Combining images across multiple subjects: A study of direct cortical electrical interference

Diana L Miglioretti, C. McCulloch, S. L. Zeger

Research output: Contribution to journalArticle

2 Citations (Scopus)

Abstract

This article introduces a Bayesian hierarchical model for combining information across multiple images. Our work was motivated by an invasive functional brain mapping technique called direct cortical electrical interference that gives a sparse set of binary observations of an underlying "true" region at multiple sites on the brain surface. To model region shapes that may vary widely across individuals, we use mixtures of simple templates, for example, circles. These subject-specific templates are treated as random effects, governed by a set of population templates that make up a population region. The numbers of subject-specific and population templates are treated as unknown variables to be estimated from the data. Conditional on the subject-specific regions, the observed data are modeled using logistic regression. To estimate the variability among images across patients, we develop a measure based on Baddeley's error measure for binary images. Because the dimension of the parameter space changes as the numbers of subject-specific and population templates change, inference is made using reversible jump Markov chain Monte Carlo. Using a hierarchical approach, we may better estimate each individual's region by borrowing strength from other subjects' data, we can estimate a population region by pooling information across subjects, and we can use a collection of data from previous patients to predict the location of a future patient's region of interest. The approach is illustrated with DCEI data collected on 20 patients for two motor tasks: tongue and hand movements.

Original languageEnglish (US)
Pages (from-to)125-135
Number of pages11
JournalJournal of the American Statistical Association
Volume97
Issue number457
DOIs
StatePublished - Mar 2002
Externally publishedYes

Fingerprint

Interference
Template
Estimate
Reversible Jump Markov Chain Monte Carlo
Bayesian Hierarchical Model
Pooling
Binary Image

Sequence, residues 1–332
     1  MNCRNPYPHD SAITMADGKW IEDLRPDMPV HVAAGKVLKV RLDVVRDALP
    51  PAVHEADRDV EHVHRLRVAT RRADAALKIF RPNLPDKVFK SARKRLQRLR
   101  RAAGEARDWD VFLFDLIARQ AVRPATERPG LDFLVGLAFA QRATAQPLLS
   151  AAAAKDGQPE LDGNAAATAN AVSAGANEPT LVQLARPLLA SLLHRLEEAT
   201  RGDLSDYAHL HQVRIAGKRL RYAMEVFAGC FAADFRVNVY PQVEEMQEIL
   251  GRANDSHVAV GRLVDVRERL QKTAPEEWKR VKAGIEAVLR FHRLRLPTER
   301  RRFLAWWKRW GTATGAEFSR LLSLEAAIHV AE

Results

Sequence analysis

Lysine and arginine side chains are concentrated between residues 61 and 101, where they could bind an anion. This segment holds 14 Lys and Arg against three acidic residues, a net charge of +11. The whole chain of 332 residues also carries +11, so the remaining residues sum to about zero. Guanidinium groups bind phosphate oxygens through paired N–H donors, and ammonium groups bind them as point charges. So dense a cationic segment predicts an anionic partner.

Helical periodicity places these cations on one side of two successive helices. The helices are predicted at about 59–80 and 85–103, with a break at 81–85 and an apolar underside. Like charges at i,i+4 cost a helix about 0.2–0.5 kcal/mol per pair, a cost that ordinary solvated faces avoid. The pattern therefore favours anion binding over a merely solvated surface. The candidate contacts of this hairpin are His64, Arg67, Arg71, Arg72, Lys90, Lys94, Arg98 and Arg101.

Logistic Regression
Region of Interest
Random Effects
Parameter Space
Circle
Vary
Binary
Predict
Unknown
Brain
Model

Keywords

  • Binary image variation
  • Functional brain mapping
  • Hierarchical model
  • Reversible jump Markov chain Monte Carlo
  • Template mixture model

ASJC Scopus subject areas

  • Mathematics(all)
  • Statistics and Probability

Cite this

Combining images across multiple subjects : A study of direct cortical electrical interference. / Miglioretti, Diana L; McCulloch, C.; Zeger, S. L.

In: Journal of the American Statistical Association, Vol. 97, No. 457, 03.2002, p. 125-135.

Research output: Contribution to journalArticle

@article{4d8a2e63ee524910a75e1d5100421d97,
title = "Combining images across multiple subjects: A study of direct cortical electrical interference",
abstract = "This article introduces a Bayesian hierarchical model for combining information across multiple images. Our work was motivated by an invasive functional brain mapping technique called direct cortical electrical interference that gives a sparse set of binary observations of an underlying {"}true{"} region at multiple sites on the brain surface. To model region shapes that may vary widely across individuals, we use mixtures of simple templates, for example, circles. These subject-specific templates are treated as random effects, governed by a set of population templates that make up a population region. The numbers of subject-specific and population templates are treated as unknown variables to be estimated from the data. Conditional on the subject-specific regions, the observed data are modeled using logistic regression. To estimate the variability among images across patients, we develop a measure based on Baddeley's error measure for binary images. Because the dimension of the parameter space changes as the numbers of subject-specific and population templates change, inference is made using reversible jump Markov chain Monte Carlo. Using a hierarchical approach, we may better estimate each individual's region by borrowing strength from other subjects' data, we can estimate a population region by pooling information across subjects, and we can use a collection of data from previous patients to predict the location of a future patient's region of interest. The approach is illustrated with DCEI data collected on 20 patients for two motor tasks: tongue and hand movements.",